My Statement on the Draft CUNY Policy on "Expressive Conduct"


Here below is my "STATEMENT ON
Universities by definition ought to be democratic spaces where respect for democracy and the principles it encompasses must apply to processes, procedures and activities, particularly those presented as protecting freedom of speech and assembly.  Unfortunately, the policy under consideration is troubling in all respects.

The procedures, process and activities that produced this policy show clear evidence of what WW Schattschneider described as the “mobilization of bias.”  Applied to the CUNY SITUATION, those in power have determined the agenda, selected those to whom the right to participate was conferred, decided on the timing of allowing the rest of us know about proposed changes, as well as the extent of our participation (which has been highly circumscribed).

This policy also bears no resemblance to the Chicago rule referenced by an earlier speaker.  Further, it is regrettable that the efforts to discuss this policy even in the little time we had before this hearing were not good examples of openness to democratic discourse.  The CUNY Board of Trustees must decide if they want to support or impede freedom of speech and assembly.  They ought to consider whether or not this is the best we can do.

As a member of the CUNY community, I say that we do not need nannies to impose order on us while at the same time telling us that our democratic rights are being protected.  This policy gives too much discretionary power to limit freedom of speech and assembly to the administrators on each campus.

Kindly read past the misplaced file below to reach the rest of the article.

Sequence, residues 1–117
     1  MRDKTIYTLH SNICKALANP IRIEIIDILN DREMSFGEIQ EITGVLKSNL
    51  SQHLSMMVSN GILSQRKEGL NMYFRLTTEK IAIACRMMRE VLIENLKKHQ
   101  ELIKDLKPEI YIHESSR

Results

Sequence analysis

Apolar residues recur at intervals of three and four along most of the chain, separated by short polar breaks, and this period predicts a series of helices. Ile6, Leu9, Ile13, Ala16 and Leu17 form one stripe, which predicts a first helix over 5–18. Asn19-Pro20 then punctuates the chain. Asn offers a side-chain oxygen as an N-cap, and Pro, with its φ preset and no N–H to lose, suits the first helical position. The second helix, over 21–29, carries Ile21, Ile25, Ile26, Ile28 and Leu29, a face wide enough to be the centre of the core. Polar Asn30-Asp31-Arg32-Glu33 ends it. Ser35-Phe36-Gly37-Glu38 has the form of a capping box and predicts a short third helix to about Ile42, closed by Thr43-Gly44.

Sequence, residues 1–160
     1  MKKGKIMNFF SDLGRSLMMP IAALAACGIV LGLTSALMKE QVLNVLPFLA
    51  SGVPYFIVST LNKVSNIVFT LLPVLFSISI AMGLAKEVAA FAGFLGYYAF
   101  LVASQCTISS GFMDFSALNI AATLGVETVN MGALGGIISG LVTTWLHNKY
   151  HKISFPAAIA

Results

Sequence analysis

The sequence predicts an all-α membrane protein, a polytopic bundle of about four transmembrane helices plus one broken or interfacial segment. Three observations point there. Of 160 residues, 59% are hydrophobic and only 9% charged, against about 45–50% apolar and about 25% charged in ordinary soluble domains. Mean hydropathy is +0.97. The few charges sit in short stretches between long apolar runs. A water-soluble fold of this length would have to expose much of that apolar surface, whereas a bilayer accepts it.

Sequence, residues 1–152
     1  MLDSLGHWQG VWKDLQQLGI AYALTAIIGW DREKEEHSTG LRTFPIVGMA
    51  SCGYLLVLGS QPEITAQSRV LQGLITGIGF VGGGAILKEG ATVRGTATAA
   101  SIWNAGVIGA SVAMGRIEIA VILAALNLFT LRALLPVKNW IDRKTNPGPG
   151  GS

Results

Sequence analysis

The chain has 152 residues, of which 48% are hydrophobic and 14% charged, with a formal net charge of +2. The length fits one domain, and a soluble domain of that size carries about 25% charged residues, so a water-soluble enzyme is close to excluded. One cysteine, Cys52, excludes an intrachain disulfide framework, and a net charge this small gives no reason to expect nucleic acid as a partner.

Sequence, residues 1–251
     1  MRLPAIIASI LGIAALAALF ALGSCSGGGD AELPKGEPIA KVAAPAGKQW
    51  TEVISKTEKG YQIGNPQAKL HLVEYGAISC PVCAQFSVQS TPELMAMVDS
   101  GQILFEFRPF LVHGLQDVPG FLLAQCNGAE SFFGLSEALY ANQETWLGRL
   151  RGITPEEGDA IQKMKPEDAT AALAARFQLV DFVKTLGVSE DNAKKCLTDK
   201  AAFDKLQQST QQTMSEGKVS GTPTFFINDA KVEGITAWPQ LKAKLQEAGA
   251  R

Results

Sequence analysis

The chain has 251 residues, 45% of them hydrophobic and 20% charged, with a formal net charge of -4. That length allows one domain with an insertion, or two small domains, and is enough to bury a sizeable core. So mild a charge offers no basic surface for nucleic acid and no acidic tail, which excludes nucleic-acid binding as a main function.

We are now in the summer when majority of the members of the university community have become exhausted from the academic year’s responsibilities, many have to work long hours to secure the funds to pay ever growing fees; many have gone to do necessary research and writing.  Given this troubling background to the policy, I request postponement of the final decision and Board of Trustees vote on this policy to give the CUNY community full opportunity to discuss, debate, and make meaningful input into this policy.  Not to do this would be a subversion of democracy.

Thank you

Mojúbàolú Olufúnké Okome
Professor of Political Science, African and Women's Studies
Leonard and Claire Tow Professor, 2015/2016
Brooklyn College, CUNY

The statement on behalf of the Professional Staff Congress (PSC) of CUNY by its President, Professor Barbara Bowen, go here

The recording of the full CUNY BOT hearing for Monday, April 20 is found here

The CUNY Draft Policy on Expressive Conduct" is found here


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